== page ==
I’m only a few days away from going back to India where I will be staying until Christmas (at least). Before going back there though, I would like to take the time to write about my first trip to India and evaluate some of things that I have learned.
When I first arrived in India last January, I thought I would be staying for 3 months, and already it seemed like a long time. As it turned out, I ended up extending my stay by an extra two months and all of it went by so fast. So many things happened while I was there. I met Prachi on the second day only of my trip and fell in love; I changed my plans for my future entirely, and now, I somehow feel that India will always be a part of me, a country that wasn’t even part of the picture last year. How life can be surprising sometimes!
But what exactly did I learn in India? What challenges did I face and what should I expect from my second trip in India. Here is what:
Prejudice – in the End We are All One
Like I mentioned in my previous post, I went to India with a lot of preconceived ideas about who I thought Indians were and unsurprisingly a lot of it turned out to be wrong. My Western ego was all pumped up and what I got in return is a huge slap in my face, and you know what? It feels good!
India is a country where poverty is still quite visible yes, but what I realized is that characterizing India as poor is just an over simplistic view that is simply wrong! While countries in the West have been stagnating over the last decade, India on the contrary, is booming and on the verge of becoming a real superpower. I have been very impressed by the dynamism of cities like Pune or Bangalore that are quickly catching up; everything that we have in the West is there and more. But also in terms of culture and values. In the West we have abandoned a lot of the old rituals and practices, in exchange for more individualism and competition. Indians, and even the poorer ones, seem to be more secure and accepting of their conditions, while in the West we are never really satisfied unless we get this or that.
Prejudices are common. I see it everywhere I go in the West, and this is a real problem our civilisation is facing. We humans always end up thinking we are better than others. This does not only prevent us from reaching out, but most importantly it inhibits us from being open, to learn from others and to apply that knowledge to move forward as a society. In the end we are all the same, we are all one.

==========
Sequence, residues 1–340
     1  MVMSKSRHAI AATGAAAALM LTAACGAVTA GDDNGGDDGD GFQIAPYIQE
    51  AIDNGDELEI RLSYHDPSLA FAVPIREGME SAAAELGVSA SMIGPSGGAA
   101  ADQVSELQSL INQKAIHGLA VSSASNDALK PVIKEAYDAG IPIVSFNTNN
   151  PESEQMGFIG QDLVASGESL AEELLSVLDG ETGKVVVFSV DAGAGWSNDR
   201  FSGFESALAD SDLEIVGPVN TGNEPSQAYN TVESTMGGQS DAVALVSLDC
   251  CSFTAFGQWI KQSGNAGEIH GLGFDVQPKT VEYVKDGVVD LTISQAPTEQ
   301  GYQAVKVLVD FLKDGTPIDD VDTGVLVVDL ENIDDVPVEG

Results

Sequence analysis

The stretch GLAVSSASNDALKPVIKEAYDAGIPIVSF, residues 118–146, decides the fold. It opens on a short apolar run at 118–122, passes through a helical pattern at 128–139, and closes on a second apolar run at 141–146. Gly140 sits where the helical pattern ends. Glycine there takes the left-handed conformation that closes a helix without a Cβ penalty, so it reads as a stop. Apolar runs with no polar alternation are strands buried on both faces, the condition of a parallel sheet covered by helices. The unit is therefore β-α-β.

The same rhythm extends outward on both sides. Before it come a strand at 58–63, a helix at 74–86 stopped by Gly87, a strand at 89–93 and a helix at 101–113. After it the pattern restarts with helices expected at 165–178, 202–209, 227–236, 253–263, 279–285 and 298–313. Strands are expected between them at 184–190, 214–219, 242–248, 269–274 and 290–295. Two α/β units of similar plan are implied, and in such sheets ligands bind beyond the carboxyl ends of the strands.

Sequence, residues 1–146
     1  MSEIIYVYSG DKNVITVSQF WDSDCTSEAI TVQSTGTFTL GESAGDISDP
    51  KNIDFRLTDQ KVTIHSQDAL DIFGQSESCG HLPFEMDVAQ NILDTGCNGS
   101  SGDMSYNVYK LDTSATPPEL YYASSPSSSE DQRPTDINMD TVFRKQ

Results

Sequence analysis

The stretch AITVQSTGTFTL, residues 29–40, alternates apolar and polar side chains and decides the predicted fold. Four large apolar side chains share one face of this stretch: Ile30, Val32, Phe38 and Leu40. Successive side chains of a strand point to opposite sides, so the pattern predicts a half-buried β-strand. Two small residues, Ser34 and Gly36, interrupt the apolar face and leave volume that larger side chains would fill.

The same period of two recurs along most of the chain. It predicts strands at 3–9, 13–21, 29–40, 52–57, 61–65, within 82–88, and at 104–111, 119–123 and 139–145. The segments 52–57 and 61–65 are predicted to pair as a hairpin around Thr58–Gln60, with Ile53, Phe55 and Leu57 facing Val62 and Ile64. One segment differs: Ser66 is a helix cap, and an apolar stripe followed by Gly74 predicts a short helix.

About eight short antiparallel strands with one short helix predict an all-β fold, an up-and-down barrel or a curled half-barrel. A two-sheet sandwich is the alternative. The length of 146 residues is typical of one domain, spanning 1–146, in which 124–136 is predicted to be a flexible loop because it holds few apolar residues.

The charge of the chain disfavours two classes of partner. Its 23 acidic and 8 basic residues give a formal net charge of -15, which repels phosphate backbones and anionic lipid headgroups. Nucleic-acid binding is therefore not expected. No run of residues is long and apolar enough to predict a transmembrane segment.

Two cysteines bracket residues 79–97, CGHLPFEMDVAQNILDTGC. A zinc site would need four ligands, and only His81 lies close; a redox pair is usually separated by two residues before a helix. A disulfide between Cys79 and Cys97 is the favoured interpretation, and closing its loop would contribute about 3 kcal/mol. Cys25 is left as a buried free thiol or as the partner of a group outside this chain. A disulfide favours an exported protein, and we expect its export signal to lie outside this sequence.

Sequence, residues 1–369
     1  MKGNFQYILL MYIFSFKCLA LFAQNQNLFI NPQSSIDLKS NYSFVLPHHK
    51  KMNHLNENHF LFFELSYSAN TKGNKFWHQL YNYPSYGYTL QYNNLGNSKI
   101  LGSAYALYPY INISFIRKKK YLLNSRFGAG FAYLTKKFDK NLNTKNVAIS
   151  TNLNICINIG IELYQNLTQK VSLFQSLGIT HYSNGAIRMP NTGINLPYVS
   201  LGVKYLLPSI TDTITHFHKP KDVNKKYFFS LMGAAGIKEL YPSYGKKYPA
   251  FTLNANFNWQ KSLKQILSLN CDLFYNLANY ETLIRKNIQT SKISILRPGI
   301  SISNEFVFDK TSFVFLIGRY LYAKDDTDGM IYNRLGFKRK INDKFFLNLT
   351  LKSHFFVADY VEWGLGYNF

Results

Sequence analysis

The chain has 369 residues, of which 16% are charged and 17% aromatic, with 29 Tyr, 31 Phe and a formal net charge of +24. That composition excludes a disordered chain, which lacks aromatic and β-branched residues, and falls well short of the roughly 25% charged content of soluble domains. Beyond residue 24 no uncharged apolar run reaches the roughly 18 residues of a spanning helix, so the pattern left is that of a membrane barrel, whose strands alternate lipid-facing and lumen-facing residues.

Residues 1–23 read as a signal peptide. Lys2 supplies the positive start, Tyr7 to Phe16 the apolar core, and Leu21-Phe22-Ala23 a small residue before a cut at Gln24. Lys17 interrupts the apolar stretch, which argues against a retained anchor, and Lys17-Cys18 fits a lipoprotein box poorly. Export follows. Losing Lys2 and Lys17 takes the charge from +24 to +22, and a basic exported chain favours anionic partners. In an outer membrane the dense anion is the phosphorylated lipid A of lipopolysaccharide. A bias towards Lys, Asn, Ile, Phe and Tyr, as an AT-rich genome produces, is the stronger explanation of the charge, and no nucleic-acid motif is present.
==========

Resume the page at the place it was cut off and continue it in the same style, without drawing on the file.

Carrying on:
Secularism and India
Secularism. That is another thing that is the focus of a lot of debates in the World these days. My country France is often characterized as being secular but after seeing how India is, I started doubting that. In France everyone is allowed to practice any religion as long as it is done at home, hidden to “respect” others. Well, Indians see it differently; people with so many different backgrounds and cultures live side by side and everyone is allowed to practice their religions openly. For example, while in France a woman wearing a simple Muslim headscarf would generate a lot of negative attention, in India the same person would go unnoticed. Many people freely display religious signs publicly and this doesn’t seem to bother anyone. What I think is that by putting restrictions, in France, we end up encouraging this practice and open the gates to exclusion and extremism in the worst cases. So what does secularism really mean? The debate is open.
A Yogic Life
It is astonishing to see that such an ancient practice like Yoga still remains so relevant today. Most scriptures were written thousands of years ago and it seems as if human’s troubles have not changed. Personally I didn’t think Yoga was so powerful. India showed me its power and how so many people could benefit from it.
It has been a year now since I have started practicing Yoga and I know that this is it for me. I will continue to do regular exercises on the side, but I think that no other form of exercises works on so many levels. I believe the popularity of Yoga will boom in the future. In a world where materialism and stress have become the norm, Yoga can really help people to see the truth about what really matters and how to reach a more stable and peaceful life.
My goal for my next trip is to establish a strong routine of practicing Yoga regularly, tailored to my own needs. Becoming more aware of my own body and state of mind and find what works best for me. If I can do that for myself, then I’ll be able to find what is best for others.
A daily practice of Yoga no matter what will become my new saying. What I have realized is that Yoga needs to be practiced daily and to really see the change it is necessary to move towards a Yogic life that is also concerned with things health, nutrition and spirituality.
Finding more about myself
People say going to India can be tough. I don’t think it has only to do with cultural shock or even poverty though. I believe India is a mirror; by just being there people are somehow forced to confront their reflection in the mirror, and sometimes the experience can be overwhelming.
I have reconsidered everything that I had planned for my future, not only in terms of career choice, but also about what I believed in. I realized that whatever I had planned would not have led me to happiness but instead to evident dissatisfaction.
India has shown me what I need to work on to improve myself and become a more stable and peaceful person. We would love to hear about your experience in India and whether it has also transformed you in any ways. Namaste!